Ferrick@Fels: Charter Schools Provide New Opportunity
By Tom Ferrick Jr.
The cliché is that there are no magic bullets in turning around failing schools. That it takes time, effort and many years to make progress.
Alfredo Calderon and his team as ASPIRA are proving that cliché wrong.
In the last two years, ASPIRA, a Latino advocacy group in Philadelphia, has taken over two of the city's most troubled public schools -- Stetson Middle School and Olney High School -- and it has achieved remarkable progress at both in just a short time.
There are many elements to this tale, but it begins with the insight by the folks at ASPIRA about another axiom of education: 10 percent of the students cause 90 percent of the disruptions.
So, why not remove them from the classroom? Without the few acting out, it would be far easier to establish a climate for learning for the 90 percent of children who remain.
But, what do with this 10 percent? The district allowed ASPIRA to change both Stetson and Olney into charter schools, but with one proviso: it had to take every student within the schools boundaries who showed up. The schools could not pick and choose. Nor could they simply toss out the bad actors. They had to keep them, too. ASPIRA went out and hired Success Schools, a for-profit company in Yardley, Pa. that specializes in programs for underachieving and troubled young people.
Stetson, which ASPIRA took over September, 2010, was the first to employ the firm. They created a Success Academy on the top floor of the middle school on Lehigh Avenue, identified the problematic students, and sent them there. It amounted, interestingly enough, to about 10 percent of all the students.
As to Stetson writ large, Calderon said they instituted a policy of "shock and awe" when they first took over. Students were given uniforms to wear; teachers and security staff patrolled the halls and oversaw arrival and dismissal. Calderon described the atmosphere as "very militaristic." It reminded me of the Catholic-school model of decorum and behavior, only without nuns with clickers.
If Stetson became a boot camp, the Success Academy became its Paris Island, with discipline to the power of 10. The students in the academy had to remain silent in the halls, walk with their hands behind their back, and woe betide a student who strayed from the straight and narrow. He or she would be "redirected" by staff in intense sit-down sessions where their behavior was dealt with. They also created student-run tribunals to hear cases of misbehavior. If this sound Orwellian to you, it did to me, too, when I first heard about it. But, we knew something interesting was going on at Stetson and I asked Connie Langland, a long-time education reporter, to take a close look at Stetson for Metropolis.
We headlined the story she wrote The Stetson Miracle and it was not hyperbole. By the end of the last school year, Stetson was a peaceable kingdom. Suspensions had dropped from 500 in its last year as a public school to 47 (The school has 670 students). Violent incidents had gone from 100 to 10. Parents and even the owner of the pizza shop across the street marveled at the transformation of the children.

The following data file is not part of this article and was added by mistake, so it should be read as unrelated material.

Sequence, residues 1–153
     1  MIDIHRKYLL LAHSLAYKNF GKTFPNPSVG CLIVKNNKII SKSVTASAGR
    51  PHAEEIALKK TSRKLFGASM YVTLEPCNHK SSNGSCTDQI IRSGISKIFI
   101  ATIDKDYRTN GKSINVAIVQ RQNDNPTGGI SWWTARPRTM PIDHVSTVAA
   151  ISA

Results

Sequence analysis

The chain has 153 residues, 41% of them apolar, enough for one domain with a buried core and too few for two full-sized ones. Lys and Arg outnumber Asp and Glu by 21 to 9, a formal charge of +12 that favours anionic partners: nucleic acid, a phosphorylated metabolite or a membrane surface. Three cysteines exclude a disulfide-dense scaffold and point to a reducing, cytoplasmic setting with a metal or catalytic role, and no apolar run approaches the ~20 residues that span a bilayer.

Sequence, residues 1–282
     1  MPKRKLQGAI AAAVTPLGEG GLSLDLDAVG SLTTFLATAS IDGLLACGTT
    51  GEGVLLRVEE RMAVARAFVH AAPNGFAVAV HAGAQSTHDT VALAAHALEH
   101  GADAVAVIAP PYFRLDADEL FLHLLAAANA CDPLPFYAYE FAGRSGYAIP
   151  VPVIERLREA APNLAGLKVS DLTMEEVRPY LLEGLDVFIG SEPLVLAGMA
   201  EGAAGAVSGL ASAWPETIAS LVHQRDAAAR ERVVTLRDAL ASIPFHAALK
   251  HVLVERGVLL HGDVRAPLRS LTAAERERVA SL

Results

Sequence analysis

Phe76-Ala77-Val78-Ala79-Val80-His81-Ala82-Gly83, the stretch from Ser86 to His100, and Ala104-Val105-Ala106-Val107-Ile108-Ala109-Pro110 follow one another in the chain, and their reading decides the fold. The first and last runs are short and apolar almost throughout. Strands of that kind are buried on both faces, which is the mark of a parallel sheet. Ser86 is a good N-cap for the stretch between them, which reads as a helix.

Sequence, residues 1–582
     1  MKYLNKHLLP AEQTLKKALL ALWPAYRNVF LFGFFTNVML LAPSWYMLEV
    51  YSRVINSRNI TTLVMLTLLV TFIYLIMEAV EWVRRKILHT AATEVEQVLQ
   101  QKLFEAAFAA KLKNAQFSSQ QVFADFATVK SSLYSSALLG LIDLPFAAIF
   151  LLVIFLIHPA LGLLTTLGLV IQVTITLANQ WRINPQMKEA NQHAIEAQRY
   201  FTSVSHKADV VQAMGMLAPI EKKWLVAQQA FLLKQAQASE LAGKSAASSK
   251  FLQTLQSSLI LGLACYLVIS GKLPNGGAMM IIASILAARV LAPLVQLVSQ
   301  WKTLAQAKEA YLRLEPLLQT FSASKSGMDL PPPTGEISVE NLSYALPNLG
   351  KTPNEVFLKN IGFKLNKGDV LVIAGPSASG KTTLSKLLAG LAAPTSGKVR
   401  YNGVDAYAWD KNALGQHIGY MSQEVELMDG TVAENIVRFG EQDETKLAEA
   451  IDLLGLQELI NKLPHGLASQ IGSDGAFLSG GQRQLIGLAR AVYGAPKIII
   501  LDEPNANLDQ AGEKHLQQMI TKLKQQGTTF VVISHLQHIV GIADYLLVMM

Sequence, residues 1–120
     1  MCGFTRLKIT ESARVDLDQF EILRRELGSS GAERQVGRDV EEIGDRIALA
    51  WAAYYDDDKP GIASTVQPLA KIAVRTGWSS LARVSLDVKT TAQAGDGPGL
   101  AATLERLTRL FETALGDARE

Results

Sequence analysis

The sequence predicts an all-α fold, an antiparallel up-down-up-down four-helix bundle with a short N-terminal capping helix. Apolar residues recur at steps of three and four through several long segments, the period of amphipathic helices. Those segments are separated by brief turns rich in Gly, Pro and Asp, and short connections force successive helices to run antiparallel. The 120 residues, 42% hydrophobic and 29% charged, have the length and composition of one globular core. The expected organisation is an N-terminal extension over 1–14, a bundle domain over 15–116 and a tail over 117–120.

In the state standardized tests given to all students, Stetson's scores increased by 8 points in reading and 22 points in math in just one year. Let's not overstate the case: most Stetson students perform at levels below their peers around the state, but progress is being made.
Remarkably, the students responded well to the changes. They seemed to embrace the new structure given to their lives.
Even more remarkably, Langland found that students in the Success Acadeny responded positively as well. For one thing, they liked the individualized attention. Some of them, it turned out, were the brightest students in the school. Calderon told me that some of the students who were the biggest troublemakers under the previous regime had emerged as student leaders.
Freed of the strictures of the contract (Stetson is not unionized, though 33 percent of the former teachers did stay on), Stetson offers a longer school day, more instructional time, and holds regular early a.m. teacher conferences to discuss individual students.
Calderon mentioned one other intangible: ASPIRA is a Latino organization. Stetson is a majority Latino school. The organization entered the fray with a belief that the students could achieve -- and with the demand that they do. As Calderon put it, ASPIRA does not do not consider it a success if the schools are safe and orderly. They want academic results.
This September ASPIRA took over Olney High School from the district -- and my question was: how will this "shock and awe" work in a larger school (Olney has 1,600 students) and with 16-18 year olds, as opposed to the tweens at Stetson.
Langland went to Olney and spent several weeks talking to students, teachers and parents. The initial reports are that Olney, too, has turned around in a just a few months, using the same range of tools employed at Stetson -- "shock and awe," strict discipline, a Success Academy, more instructional time, with a school day that goes from 9 a.m. until 4 p.m.
And word is spreading. School began in September. It is now November. So far, Olney has gotten applications from the parents of 189 students who are attending other public high schools who want to transfer to Olney.
Sometimes it pays to ignore the old clichés.
Photograph by Peter Tobia
Tom Ferrick, Jr., a journalist with more than 35 years of experience as a reporter, editor and columnist,is writing a regular column to keep the greater Fels community tuned in to Philadelphia. He is currently Senior Editor at Metropolis, a website offering in-depth news, analysis, and commentary about the Philadelphia region.